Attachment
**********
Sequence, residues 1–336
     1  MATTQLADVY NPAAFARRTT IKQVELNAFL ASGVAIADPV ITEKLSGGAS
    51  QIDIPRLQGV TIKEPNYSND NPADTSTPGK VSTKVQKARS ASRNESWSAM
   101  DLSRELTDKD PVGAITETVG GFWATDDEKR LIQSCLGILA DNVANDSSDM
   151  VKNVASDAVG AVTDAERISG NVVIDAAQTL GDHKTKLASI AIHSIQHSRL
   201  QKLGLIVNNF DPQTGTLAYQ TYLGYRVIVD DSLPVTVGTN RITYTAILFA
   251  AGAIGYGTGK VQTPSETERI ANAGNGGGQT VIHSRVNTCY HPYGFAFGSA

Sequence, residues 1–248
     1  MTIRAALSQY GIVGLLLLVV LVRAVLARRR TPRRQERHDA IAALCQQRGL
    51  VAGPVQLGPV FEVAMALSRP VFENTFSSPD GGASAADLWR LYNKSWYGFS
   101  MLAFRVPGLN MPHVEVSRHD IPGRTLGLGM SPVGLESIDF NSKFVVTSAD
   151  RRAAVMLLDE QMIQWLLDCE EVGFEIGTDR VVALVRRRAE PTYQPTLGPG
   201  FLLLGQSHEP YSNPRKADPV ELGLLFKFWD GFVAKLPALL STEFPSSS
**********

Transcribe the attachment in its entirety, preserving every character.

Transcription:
Sequence, residues 1–336
     1  MATTQLADVY NPAAFARRTT IKQVELNAFL ASGVAIADPV ITEKLSGGAS
    51  QIDIPRLQGV TIKEPNYSND NPADTSTPGK VSTKVQKARS ASRNESWSAM
   101  DLSRELTDKD PVGAITETVG GFWATDDEKR LIQSCLGILA DNVANDSSDM
   151  VKNVASDAVG AVTDAERISG NVVIDAAQTL GDHKTKLASI AIHSIQHSRL
   201  QKLGLIVNNF DPQTGTLAYQ TYLGYRVIVD DSLPVTVGTN RITYTAILFA
   251  AGAIGYGTGK VQTPSETERI ANAGNGGGQT VIHSRVNTCY HPYGFAFGSA

Sequence, residues 1–248
     1  MTIRAALSQY GIVGLLLLVV LVRAVLARRR TPRRQERHDA IAALCQQRGL
    51  VAGPVQLGPV FEVAMALSRP VFENTFSSPD GGASAADLWR LYNKSWYGFS
   101  MLAFRVPGLN MPHVEVSRHD IPGRTLGLGM SPVGLESIDF NSKFVVTSAD
   151  RRAAVMLLDE QMIQWLLDCE EVGFEIGTDR VVALVRRRAE PTYQPTLGPG
   201  FLLLGQSHEP YSNPRKADPV ELGLLFKFWD GFVAKLPALL STEFPSSS